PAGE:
A View From Middle England - Conservative with a slight libertarian touch - For Christian charity and traditional belief - Free Enterprise NOT Covert Corporatism

Friday, November 25, 2011

Sainsbury's boss Justin King says top pay out of control

All the fun of the unfair!
Britain is running two economies it seems to me. The good well-structured, well-managed one and the one run by dirty rotten scoundrels. Justin King is the chief executive of Sainsbury's. He came into the business when it was in a tail spin and turned it around and has made a success of it. He gets a salary of £900,000 for being in charge of the company. Considering he has the responsibilities he has, I don't think this outlandish in the commercial world. He said on BBC Question Time last night that pay is out of control in some organisations because there is no transparent link between pay and performance. He went on to say that those running companies need to start listening to those who see 'something rotten' about the pay for those at the top.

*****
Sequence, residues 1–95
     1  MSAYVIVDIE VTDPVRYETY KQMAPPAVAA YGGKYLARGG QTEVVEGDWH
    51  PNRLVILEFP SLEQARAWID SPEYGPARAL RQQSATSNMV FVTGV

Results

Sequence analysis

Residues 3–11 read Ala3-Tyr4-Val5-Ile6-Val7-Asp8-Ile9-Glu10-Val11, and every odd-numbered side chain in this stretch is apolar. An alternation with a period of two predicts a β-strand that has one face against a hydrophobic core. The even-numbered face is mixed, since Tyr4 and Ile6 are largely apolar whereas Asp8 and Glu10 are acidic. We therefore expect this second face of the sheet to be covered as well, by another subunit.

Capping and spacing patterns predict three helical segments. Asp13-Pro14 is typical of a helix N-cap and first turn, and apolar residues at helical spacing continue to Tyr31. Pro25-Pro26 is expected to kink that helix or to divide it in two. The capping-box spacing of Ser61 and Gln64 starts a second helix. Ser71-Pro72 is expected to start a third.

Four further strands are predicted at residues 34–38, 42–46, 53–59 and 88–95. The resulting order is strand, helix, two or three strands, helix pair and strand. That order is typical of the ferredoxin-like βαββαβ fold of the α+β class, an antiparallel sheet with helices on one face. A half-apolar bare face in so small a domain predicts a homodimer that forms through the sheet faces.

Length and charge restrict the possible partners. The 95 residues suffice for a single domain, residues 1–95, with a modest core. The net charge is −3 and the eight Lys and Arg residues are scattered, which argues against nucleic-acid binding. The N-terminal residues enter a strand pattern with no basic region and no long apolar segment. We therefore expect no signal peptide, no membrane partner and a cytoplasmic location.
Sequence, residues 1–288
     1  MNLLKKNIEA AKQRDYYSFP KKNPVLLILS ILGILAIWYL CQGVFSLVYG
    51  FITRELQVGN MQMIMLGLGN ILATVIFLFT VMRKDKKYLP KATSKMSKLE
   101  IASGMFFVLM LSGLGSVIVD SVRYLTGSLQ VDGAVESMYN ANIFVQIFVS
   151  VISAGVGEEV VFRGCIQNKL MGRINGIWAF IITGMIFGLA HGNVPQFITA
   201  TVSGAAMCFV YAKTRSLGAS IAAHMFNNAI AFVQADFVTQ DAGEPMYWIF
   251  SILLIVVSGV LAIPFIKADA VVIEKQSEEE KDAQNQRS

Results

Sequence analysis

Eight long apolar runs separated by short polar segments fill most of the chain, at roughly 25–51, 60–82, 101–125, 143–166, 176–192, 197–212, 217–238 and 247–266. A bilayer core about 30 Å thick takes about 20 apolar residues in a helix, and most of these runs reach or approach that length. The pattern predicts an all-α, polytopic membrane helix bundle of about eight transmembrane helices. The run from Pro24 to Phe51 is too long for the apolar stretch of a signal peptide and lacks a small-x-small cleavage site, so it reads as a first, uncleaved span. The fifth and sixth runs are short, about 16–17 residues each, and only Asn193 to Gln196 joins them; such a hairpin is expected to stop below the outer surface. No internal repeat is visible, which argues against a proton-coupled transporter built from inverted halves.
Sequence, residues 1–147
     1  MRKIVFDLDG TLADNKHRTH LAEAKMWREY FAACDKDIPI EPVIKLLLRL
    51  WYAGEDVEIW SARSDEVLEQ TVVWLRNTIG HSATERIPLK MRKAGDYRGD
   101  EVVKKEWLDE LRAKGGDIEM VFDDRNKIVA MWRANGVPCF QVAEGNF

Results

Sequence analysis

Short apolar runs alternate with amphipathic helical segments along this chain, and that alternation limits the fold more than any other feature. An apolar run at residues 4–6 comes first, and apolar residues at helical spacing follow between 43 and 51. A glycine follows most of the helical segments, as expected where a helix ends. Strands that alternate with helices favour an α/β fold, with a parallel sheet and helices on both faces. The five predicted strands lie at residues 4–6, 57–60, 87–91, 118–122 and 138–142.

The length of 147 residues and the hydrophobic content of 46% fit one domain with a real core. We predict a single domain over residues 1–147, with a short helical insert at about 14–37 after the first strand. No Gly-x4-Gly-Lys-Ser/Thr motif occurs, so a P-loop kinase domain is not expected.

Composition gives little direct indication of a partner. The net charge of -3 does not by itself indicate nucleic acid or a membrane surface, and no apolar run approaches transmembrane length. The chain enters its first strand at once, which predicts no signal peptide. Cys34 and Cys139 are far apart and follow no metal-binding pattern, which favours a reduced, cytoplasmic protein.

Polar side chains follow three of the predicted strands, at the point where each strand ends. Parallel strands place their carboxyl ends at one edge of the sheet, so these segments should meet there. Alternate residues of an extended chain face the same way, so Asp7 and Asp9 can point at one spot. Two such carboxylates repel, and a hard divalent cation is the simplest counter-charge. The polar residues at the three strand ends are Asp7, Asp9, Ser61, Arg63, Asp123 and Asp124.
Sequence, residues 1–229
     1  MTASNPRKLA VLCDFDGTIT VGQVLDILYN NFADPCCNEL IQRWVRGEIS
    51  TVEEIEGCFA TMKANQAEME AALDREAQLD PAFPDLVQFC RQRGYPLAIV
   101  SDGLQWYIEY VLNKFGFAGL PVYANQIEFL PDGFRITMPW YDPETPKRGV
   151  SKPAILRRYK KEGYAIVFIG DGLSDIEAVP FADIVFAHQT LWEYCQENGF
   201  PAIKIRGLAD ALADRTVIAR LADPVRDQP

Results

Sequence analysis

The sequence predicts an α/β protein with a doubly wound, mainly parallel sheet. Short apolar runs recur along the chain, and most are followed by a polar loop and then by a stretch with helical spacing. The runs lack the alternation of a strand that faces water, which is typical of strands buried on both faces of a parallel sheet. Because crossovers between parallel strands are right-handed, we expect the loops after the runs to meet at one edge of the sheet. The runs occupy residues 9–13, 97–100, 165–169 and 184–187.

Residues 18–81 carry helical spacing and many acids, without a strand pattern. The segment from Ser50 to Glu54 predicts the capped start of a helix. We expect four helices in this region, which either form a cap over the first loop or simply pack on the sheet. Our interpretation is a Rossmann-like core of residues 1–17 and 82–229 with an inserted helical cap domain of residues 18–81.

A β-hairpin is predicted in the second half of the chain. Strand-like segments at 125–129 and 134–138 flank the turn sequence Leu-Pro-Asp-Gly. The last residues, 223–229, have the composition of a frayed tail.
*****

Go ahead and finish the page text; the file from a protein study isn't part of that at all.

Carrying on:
Something rotten? The good economy cannot continue to be the last chance saloon for the bad economy. These saloons all have the same name. "Bailout Bonanza!". Utterly hopeless to continue as such. I applaud Justin King for standing up and saying such things. These bosses carrying away cash bonuses for mediocre performance are sheer hypocrites. They'd sack their staff if such antics occurred in the lower levels of the business. How come they are immune?

Shareholders need to get a grip and get these laggard leaders into line. If they won't, then Vince Cable needs to legislate so that remuneration committees are seen as above board and not cosy cabals of self-serving bonus grabbers all filling their pots as if in a sushi restaurant.

1 comments:

Here's a story from the United States that might depress you even more.

Lockheed Martin is a leading defense and other government contractor. Without that money, they would have a very difficult time staying in business -- at least at their present size. They pay their CEO about $20,000,000/year.

I've known one of their engineers for some time via space exploration connections. He's 56. He worked for Lockheed Martin for 32 years. He's now been forced into early retirement because they don't have any work that fits his skill set at present. He can't collect Social Security until he is 62. But, hey, Lockheed Martin managed to increase profits last quarter. That's all that matters.

People in U.S. tech companies have been whining for years that they can't get young people to work for them. They don't want to hear it is a management problem along the lines of the example I just used.

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